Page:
Politicians have taken up the cause of the fight against plastic waste and have once again failed miserably. We have been promised that the mountain of rubbish will be reduced and that in the future all plastic on the market will be fully recyclable. However, the opposite is the case. Despite all legal changes, more and more plastic is being produced and more and more plastic waste ends up where it shouldn’t be: in the environment or in the sea.
There have been enough good resolutions in recent years. But politicians have not succeeded in setting uniform standards. The promise of an environment worth living and loving cannot become reality because the economy primarily follows economic interests. She chooses the plastic because it is by far the cheapest alternative, because the follow-up costs are once again borne by the general public.
Globally, only 20 large corporations are responsible for half of the plastic waste generated globally. This list is led by the oil company ExxonMobil from the USA. Other oil companies follow in the other places. Market research companies estimate that plastic production currently represents a turnover of 600 billion US dollars. It could continue to grow to $800 billion by 2030 alone.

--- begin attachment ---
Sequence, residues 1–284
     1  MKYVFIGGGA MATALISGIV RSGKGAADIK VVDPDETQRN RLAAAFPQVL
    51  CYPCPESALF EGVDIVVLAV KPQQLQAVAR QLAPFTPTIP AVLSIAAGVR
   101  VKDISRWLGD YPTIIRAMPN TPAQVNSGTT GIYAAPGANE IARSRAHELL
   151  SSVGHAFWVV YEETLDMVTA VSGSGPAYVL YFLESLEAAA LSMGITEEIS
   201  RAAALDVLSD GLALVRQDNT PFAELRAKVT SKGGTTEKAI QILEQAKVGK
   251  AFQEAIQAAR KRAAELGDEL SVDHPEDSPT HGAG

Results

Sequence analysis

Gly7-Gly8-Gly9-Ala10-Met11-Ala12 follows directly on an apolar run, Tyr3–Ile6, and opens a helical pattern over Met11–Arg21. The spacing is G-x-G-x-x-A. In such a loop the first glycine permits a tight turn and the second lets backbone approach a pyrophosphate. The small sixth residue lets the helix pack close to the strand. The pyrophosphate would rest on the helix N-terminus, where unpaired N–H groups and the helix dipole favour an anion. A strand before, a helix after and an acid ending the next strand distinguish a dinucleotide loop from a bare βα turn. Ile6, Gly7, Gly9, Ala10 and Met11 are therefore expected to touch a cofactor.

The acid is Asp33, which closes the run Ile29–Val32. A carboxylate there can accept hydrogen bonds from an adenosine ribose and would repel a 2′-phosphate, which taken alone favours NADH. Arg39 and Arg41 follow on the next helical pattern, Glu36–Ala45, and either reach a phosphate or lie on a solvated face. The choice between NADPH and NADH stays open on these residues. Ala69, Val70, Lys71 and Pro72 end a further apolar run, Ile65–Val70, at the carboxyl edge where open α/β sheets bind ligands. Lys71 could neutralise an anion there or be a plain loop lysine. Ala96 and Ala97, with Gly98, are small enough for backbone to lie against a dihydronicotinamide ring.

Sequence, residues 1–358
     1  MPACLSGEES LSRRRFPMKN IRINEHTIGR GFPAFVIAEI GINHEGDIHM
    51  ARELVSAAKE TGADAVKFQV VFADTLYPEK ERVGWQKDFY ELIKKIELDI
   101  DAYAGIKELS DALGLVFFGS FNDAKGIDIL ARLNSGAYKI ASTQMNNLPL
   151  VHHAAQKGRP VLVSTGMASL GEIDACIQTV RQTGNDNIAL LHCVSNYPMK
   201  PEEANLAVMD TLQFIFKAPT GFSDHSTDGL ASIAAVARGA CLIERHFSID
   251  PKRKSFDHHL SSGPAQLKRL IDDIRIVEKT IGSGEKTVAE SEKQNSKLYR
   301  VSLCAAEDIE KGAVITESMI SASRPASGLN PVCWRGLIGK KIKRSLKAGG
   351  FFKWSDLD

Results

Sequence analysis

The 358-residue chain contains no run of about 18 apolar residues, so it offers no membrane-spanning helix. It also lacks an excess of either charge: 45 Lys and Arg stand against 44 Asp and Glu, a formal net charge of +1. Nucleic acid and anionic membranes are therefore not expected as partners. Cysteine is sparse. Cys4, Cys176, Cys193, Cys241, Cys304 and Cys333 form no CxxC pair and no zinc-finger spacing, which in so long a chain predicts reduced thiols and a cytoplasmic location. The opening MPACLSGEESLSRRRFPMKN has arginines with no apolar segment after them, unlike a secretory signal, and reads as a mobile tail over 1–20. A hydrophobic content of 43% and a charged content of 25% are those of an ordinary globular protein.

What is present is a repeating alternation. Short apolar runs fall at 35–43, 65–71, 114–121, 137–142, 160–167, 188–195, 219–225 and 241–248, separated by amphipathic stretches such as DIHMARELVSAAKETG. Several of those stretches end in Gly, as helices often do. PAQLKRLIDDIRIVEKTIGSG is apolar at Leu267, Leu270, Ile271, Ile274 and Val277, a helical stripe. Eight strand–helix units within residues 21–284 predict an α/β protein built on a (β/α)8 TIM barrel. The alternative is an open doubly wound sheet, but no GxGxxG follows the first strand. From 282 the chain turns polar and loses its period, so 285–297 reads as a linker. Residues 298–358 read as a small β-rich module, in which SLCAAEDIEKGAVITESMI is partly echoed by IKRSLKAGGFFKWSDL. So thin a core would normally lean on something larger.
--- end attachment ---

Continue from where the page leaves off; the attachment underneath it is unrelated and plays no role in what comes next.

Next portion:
Few winners, many losers
Because plastic is cheap to buy and because it’s lighter than glass, which reduces shipping costs, many food companies don’t want to do without it. So it is not surprising that the organization “Break Free From Plastic” encountered products from the manufacturer Coca-Cola particularly often during their numerous clean-up campaigns that have been carried out over the past five years.
The campaigns were carried out in over 80 countries and closely behind Coca-Cola are other leading food manufacturers such as Pepsi Cola, Unilever and Nestlé. This inevitably leads to the question: where to put all the rubbish?
Plastic waste can actually only be exported if environmentally friendly further processing or disposal is guaranteed in the exporting country. However, the recipient countries hardly control the industry, so that even “legally” exported waste is often hardly or not at all recycled.
The European Union estimates that another 15 to 30 percent of waste exports are illegal, meaning that the criminal networks dealing in plastic waste are making annual profits estimated at a whopping 9.5 billion euros.